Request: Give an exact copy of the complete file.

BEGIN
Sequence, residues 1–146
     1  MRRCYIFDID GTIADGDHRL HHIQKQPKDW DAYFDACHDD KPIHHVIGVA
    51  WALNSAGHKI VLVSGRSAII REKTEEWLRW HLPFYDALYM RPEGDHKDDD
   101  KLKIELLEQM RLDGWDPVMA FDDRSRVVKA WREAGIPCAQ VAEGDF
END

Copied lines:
Sequence, residues 1–146
     1  MRRCYIFDID GTIADGDHRL HHIQKQPKDW DAYFDACHDD KPIHHVIGVA
    51  WALNSAGHKI VLVSGRSAII REKTEEWLRW HLPFYDALYM RPEGDHKDDD
   101  KLKIELLEQM RLDGWDPVMA FDDRSRVVKA WREAGIPCAQ VAEGDF